Here we need a Gavi di Gavi or an aromatic Gewürztraminer
DESSERT Torta cioccolato e barbabietole Chocolate & beetroot cake
MAIN Scampi pepe e miele Honey and pepper scampi
Ingredients 16 scampi (yabbies or prawns) 2 tablespoons honey Â˝ glass white wine Salt, pepper Method Thread scampi (yabbies/prawns) onto four skewers and cook for a minute or so on a hot grill or in a pan. Splash with the wine and allow to evaporate. Once almost done, add the honey and freshly ground pepper. Serve hot.
Branzino al sale Sea bass in salt crust Ingredients 1 sea bass (approx. 1 kg in weight) 1 kg coarse rock salt 1 egg white Herbs of your choice (tarragon, sage, rosemary etc) Method Whisk egg white until stiff, then mix in the herbs and salt. Clean the fish and place it on a thick layer of the salt mixture in a baking tray. Cover the rest of the fish with the salt mix, light the oven to the highest temperature and bake for about 45 minutes. Once cooked, break the salt crust with a hammer. Fillet the fish starting at the head, then remove skin and spine.
Ingredients 200 g dark chocolate 250 g cooked beetroot 100 g caster sugar 120 g almonds, ground 4 eggs 1 tablespoon dark cocoa 1 tsp baking powder (or lievito Bertolini, Paneangeli) Method Break the chocolate into pieces and melt in a heatproof bowl over a pan of simmering water (bain marie). Meanwhile, finely grate the beetroot and add the yolks of the eggs (setting aside the whites). Add the sugar, almonds, one tablespoon of dark cocoa and the baking powder. Mix thoroughly and incorporate the melted chocolate. Whisk egg whites separately until firm, then gradually fold them into the chocolate mixture scooping from the bottom and moving delicately to the top. Pour mixture into a greased cake tin. Bake at 180Â°C for about 50 minutes.
The perfect way to finish is with Moscato dâ€™Asti or Passito di Pantelleria
By Riccardo Schirru
“Rossi e mossi”: Fizzy reds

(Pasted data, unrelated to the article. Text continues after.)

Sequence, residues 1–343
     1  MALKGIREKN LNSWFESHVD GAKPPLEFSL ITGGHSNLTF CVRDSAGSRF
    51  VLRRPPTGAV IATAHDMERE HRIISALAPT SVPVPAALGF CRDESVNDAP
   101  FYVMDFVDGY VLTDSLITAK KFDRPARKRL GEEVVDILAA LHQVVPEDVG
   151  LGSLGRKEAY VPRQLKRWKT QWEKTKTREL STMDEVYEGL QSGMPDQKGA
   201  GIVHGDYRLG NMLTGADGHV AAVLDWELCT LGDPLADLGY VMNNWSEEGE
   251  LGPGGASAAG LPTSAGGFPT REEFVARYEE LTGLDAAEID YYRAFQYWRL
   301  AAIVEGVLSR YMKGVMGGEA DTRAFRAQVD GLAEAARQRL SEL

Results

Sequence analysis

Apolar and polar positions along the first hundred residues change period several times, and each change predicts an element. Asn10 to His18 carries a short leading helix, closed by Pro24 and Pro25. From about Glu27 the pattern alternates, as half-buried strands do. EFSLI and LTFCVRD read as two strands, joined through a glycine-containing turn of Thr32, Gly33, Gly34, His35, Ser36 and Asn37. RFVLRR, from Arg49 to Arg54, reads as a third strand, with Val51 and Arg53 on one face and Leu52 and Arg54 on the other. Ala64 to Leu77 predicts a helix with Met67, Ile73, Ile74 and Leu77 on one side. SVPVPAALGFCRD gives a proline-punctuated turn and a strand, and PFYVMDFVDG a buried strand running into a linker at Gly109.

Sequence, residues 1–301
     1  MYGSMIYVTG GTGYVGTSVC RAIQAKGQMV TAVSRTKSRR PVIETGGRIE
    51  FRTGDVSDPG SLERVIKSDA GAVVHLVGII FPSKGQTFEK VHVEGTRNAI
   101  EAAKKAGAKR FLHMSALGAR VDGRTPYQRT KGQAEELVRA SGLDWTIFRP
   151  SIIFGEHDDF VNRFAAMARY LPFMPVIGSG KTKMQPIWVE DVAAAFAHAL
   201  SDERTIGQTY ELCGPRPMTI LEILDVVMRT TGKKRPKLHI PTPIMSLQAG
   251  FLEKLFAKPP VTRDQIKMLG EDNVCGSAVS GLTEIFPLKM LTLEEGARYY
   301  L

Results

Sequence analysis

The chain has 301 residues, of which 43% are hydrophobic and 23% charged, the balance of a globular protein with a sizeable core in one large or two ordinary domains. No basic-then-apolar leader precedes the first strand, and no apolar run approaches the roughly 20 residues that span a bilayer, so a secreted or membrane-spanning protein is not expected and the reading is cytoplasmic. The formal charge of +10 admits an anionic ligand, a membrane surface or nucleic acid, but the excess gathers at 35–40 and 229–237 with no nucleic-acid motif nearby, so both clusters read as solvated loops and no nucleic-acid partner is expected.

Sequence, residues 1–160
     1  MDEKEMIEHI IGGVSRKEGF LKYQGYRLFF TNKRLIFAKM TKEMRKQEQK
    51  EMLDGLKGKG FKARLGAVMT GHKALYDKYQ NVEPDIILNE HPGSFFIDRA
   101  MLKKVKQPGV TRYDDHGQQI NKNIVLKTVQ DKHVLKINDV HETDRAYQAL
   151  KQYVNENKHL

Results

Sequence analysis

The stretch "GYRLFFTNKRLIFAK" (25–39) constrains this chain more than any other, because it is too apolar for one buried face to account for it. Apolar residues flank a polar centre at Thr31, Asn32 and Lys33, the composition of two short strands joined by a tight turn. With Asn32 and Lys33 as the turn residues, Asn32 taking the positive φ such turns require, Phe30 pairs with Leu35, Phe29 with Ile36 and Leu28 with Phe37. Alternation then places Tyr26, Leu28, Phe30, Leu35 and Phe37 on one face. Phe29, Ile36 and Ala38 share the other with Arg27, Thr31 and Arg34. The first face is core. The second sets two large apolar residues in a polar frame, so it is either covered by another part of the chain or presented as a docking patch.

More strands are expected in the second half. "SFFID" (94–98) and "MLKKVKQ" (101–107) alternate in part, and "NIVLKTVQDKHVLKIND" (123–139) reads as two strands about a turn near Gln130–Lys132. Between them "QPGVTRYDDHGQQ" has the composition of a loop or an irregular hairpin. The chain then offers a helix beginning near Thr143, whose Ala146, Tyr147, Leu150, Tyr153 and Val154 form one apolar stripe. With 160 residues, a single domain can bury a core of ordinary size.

For some strange reason a number of experts and wine enthusiasts seem to regard bubbles as being of nobler standing if emitted by a white wine, yet somewhat inappropriate if found in a bottle of red. Owing to climatic conditions, the production of fizzy wines is a natural oenological choice for the northern regions of Italy. The most famous of these, is the vivacious Lambrusco, or rather Lambruschi in the plural, considering this wine hails from a ‘family of grape varieties’ with a long history. The origins of this wine date back as far as 3000 B.C. and evidence exists of winemaking in both the Egyptian and Sumerian civilisations. In Italy, thanks to archaeological findings, the first traces of a wild vine called “labrusca” can be placed in the Bronze Age. Subsequent retrieval of fossil leaves and seeds demonstrates that the Latians (Latins), the Etruscans and the Galli Ligures also cultivated these wild grapes. We have direct proof regarding the Latians via the great Latin poet, Virgil, native of Mantua, one of the leading areas of modern-day wine production. Two thousand years ago, Virgil wrote about the existence of “vitis labrusca” (wild vine). This centuries-old tradition has also been mentioned by the Roman senator and historian, Cato; by Roman scholar, Varro; and by author, naturalist and philosopher, Pliny the Elder in his encyclopaedia “Naturalis Historia” (Natural History). As mentioned, the production of fizzy wines is concentrated mainly in northern Italy because of the climate. The ripening of the grapes occurs later, and this often meant interrupting the fermentation process, which would begin in the final months of the year to be resumed with the first signs of spring. The still version of this wine was widely consumed, but at times, the second fermentation, in bottles or demijohns, produced a liquid saturated with gas. With the introduction of pressureresistant bottles, this wine could undergo a second fermentation (the same method used by the French producers of Champagne) making it fresh and sparkling. The practice of bottle fermentation spread throughout Italy around the